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Jeffrey M. Lacker

Oct. 30, 2015

Richmond Fed President Jeffrey Lacker Comments on FOMC Dissent

Richmond, Va.

“The Federal Open Market Committee decided on October 28 to maintain a target range of zero to 25 basis points for the federal funds rate.

“I dissented because I believe that an increase in our interest rate target is needed, given current economic conditions and the medium-term outlook. My assessment is essentially unchanged from the Committee’s September meeting, at which I also dissented. My reasoning was based on my belief that with the steady growth in output and household spending that we have been observing — and expect to continue — the real (inflation adjusted) rate of interest should be higher than its current level of less than negative 1 percent. My assessment was also supported by labor markets that had tightened considerably and my confidence that inflation will return to our 2 percent objective after the temporary effects of low energy and import prices have passed.

“The Committee’s decision not to raise rates in September was influenced, in part, by global financial and economic developments in the weeks before that meeting. I did not believe at the time that the uncertainty stemming from those events was sufficient to justify further delay in policy normalization. The data we have received since the September meeting have strengthened my confidence that those events are not likely to change the medium-term outlook for U.S. growth and inflation. So I remain convinced that it is time to better align our interest rate policy with the economy’s past progress and ongoing growth.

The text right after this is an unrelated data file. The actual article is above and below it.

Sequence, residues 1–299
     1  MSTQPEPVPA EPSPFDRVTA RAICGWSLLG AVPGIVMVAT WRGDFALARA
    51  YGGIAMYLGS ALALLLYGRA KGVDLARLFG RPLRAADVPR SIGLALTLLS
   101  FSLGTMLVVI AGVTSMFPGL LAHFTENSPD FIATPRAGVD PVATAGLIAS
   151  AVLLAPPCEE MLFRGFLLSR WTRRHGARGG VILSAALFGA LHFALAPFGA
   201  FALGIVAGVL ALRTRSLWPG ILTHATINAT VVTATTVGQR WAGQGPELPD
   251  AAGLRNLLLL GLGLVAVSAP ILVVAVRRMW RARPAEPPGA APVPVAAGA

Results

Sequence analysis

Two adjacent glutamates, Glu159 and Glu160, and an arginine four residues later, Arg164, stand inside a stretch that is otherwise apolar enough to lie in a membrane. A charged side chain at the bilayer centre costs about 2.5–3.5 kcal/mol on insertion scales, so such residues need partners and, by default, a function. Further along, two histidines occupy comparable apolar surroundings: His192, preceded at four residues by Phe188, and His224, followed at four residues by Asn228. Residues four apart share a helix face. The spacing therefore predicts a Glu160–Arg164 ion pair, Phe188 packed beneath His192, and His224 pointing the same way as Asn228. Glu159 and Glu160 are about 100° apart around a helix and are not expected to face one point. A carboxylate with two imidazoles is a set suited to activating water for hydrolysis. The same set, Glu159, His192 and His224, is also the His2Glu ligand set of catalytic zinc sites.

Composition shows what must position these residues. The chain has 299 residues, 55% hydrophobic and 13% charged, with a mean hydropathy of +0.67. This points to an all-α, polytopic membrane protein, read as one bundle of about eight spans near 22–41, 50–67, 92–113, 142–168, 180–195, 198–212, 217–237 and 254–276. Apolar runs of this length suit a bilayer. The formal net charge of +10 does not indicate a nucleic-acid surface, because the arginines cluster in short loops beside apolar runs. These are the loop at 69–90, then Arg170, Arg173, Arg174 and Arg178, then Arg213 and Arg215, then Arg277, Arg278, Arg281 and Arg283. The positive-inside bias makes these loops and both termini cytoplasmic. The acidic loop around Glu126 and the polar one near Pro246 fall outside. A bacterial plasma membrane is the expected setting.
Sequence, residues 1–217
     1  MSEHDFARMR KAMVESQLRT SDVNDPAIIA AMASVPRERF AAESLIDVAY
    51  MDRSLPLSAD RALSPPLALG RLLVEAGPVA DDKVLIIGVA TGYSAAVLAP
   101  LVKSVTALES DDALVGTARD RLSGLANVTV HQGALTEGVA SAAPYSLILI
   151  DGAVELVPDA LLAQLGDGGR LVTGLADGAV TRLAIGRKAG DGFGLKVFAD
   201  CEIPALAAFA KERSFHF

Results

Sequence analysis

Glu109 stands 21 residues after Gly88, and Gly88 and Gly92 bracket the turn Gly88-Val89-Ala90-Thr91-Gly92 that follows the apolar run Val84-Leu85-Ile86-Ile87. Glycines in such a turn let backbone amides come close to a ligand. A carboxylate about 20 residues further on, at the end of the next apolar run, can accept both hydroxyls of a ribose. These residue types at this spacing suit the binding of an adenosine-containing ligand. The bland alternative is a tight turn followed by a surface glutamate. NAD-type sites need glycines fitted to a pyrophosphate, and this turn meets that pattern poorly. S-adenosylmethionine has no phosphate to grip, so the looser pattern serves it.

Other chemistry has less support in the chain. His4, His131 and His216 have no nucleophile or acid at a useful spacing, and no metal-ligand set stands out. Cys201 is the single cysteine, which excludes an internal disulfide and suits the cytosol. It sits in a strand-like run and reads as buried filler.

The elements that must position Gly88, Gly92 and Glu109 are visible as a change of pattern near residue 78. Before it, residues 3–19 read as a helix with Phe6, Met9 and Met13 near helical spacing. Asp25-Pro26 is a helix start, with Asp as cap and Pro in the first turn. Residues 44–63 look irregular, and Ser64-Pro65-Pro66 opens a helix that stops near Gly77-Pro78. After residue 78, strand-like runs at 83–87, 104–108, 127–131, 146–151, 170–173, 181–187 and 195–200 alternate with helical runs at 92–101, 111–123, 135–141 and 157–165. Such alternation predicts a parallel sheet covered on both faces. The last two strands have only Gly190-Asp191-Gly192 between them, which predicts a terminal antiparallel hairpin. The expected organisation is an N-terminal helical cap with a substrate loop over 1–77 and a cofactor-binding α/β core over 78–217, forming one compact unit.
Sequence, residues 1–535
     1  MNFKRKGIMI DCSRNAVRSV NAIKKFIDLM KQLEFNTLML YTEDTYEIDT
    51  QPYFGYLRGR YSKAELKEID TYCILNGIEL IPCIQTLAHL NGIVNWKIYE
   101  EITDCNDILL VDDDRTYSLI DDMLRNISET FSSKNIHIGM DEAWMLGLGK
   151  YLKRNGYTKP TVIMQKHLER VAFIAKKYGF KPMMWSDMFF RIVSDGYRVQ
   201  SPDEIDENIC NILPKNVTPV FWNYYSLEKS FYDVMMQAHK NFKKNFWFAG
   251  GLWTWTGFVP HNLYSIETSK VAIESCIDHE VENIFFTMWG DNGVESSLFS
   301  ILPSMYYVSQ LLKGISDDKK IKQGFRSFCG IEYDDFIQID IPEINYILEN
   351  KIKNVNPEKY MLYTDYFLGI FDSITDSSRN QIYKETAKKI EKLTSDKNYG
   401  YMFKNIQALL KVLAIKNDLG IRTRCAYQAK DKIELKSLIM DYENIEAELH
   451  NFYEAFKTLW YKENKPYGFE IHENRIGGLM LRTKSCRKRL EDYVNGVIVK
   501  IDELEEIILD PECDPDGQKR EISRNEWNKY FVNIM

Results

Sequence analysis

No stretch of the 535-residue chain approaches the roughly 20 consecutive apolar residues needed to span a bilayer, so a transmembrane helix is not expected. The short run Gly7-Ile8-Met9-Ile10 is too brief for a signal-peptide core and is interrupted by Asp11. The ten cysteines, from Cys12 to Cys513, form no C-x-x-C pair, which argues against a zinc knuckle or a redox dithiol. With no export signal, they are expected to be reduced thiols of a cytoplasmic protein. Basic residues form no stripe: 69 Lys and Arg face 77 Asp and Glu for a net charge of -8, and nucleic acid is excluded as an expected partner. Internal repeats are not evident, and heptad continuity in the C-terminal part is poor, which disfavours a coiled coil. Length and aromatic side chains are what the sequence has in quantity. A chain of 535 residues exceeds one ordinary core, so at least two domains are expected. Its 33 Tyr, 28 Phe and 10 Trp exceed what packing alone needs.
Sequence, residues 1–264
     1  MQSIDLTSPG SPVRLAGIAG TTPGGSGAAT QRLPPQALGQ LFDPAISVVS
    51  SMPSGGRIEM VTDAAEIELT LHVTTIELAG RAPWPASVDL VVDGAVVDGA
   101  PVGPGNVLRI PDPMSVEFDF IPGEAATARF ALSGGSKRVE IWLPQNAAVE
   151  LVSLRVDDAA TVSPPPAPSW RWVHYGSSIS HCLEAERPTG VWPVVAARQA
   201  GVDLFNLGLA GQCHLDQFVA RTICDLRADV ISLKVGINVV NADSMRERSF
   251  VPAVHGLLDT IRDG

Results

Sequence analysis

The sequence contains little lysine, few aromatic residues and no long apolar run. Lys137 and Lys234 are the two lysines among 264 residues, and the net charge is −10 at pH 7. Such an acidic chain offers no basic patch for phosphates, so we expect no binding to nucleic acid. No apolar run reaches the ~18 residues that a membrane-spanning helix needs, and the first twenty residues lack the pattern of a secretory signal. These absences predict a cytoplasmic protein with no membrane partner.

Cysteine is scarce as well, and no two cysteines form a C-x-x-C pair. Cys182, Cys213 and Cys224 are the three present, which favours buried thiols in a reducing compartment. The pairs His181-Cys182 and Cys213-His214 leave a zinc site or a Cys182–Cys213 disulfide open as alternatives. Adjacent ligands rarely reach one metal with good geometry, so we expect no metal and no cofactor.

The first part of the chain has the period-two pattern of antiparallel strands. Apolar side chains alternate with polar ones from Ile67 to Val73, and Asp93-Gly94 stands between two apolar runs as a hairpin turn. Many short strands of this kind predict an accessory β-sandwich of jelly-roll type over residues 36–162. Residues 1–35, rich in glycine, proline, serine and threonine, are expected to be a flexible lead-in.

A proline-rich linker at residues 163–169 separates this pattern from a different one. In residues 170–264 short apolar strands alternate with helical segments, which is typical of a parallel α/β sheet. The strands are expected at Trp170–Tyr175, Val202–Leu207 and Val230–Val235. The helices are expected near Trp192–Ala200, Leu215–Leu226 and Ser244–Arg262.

“I recently expressed my views in a speech to the Richmond Retail Merchants Association titled ‘The Case Against Further Delay.’ My views on the economy and monetary policy are also available on”

As part of our nation’s central bank, the Richmond Fed is one of 12 regional Reserve Banks working together with the Board of Governors to support a healthy economy and deliver on our mission to foster economic stability and strength. We connect with community and business leaders across the Fifth Federal Reserve District — including the Carolinas, District of Columbia, Maryland, Virginia, and most of West Virginia — to monitor economic conditions, address issues facing our communities, and share this information with monetary and financial policymakers. We also work with banks to ensure they are operating safely and soundly, supply financial institutions with currency that’s fit for distribution, and provide a safe and efficient way to transfer funds through our nation’s payments system.


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